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It seems to me that we see a lot of repeated questions some of which are enormously redundant others of which simply are unanswerable.

1. Oil: You better have about a liter or a US quart. The manual suggests the weights. All sorts of shops sell oils for motorcycles. Questions about frequency of changes are best summed up as frequently - if you like to pull wrenches frequently if it is a nuisance less frequently. Oil is cheap and your engines best friend - make sure you have some and change it.

2. Oil filters: You better have a couple on hand. Again cheap and readily changed. I always change filters with every oil change. Only one hiccup with them - make sure they have four return slots on the engine side not just two. A filter with two will turn your engine into an expensive bookend rather quickly.

3. Sprockets. Yamaha engineers spent considerable amounts of mathematics and measurement time coming up with the stock ratios. They are the best for 99% of riders. No one can tell you what is best for you except you.

4. Farkles: Yes you can double the cost of your new or new to you TW. You can customize, change, add, subtract to your hearts content. But please ride your bike three or four thousand miles before you start redesigning it. Again those engineers knew what they were doing. The engine puts out 14 horsepower - you are not going to get 250 out of it so until you thoroughly know the bike and understand what you are trying to accomplish be cautious about laying down long green.

5 Fun:Best advice of all is simply RIDE it. Often, in all weather in all sorts of places. Build your book of stories about riding your steed. At the end of the day swinging onto an old well known friend is what riding is about. Enjoy
 

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Hey Polar I am getting ready to order a box of spark plugs and a handful of Oil filters for my new TW....yea, I know it only has 4.4 miles on it...but I want a supply on hand in my garage....and I am assuming the recommended K&N Oil Filter part #1093760018 come with the 4 return slots/engine side? I don't want to order $50 worth of filters and spark plugs that aren't the correct ones...:eek:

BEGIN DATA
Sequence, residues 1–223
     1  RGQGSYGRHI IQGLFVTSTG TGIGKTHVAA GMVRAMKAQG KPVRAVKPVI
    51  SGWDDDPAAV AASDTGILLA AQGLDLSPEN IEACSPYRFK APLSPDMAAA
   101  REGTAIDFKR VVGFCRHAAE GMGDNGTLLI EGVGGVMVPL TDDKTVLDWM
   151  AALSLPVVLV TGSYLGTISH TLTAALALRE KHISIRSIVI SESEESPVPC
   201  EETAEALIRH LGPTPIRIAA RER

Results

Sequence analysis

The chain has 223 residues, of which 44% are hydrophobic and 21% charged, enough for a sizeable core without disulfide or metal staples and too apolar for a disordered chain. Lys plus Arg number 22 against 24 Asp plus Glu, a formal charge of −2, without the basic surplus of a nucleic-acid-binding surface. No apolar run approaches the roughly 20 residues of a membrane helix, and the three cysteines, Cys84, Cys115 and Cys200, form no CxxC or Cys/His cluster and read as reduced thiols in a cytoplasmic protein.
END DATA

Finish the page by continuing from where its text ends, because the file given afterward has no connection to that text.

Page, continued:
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Don't order filters. You don't need them. The one the bike comes with is mesh and is easily cleaned and reused for a long time. Save your $50 and go buy 2 plugs and a spare filter for $10 and sit them on a shelf just in case.
 

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Great advice Polarpilot, I do have a couple of comments about #4 though.

Depending on where/how you ride, some "accessories" can really be necessities. An upgraded skid plate that offers real protection and wraparound handguards can mean the difference between a pleasant country ride or a hellish hike out plus a recovery mission. These don't have to be too costly either.

There is respectable debate about whether it makes sense to upgrade the front tire or chain before the stocker gets worn out, but riding in the rough stuff to find the limits of the factory skid could easily prove more costly than just installing a good one before hitting the trails.

For most stuff though, I agree 100% on this. I put on quite a few miles of commuting and easy fire roads myself before screwing my bike up as bad as it is now!
 

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I just wash it with soap and water and then spray it out with wd40. You can use whatever is at your disposal. Carb cleaner, brake cleaner, compressed air, whatever works for you. It's just a steel mesh screen.
 

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Don't order filters. You don't need them. The one the bike comes with is mesh and is easily cleaned and reused for a long time. Save your $50 and go buy 2 plugs and a spare filter for $10 and sit them on a shelf just in case.
When I had my new 2008 art the time it never had a metal mesh oil filter. Wonder what my 2014 will have straight from dealership. .
 
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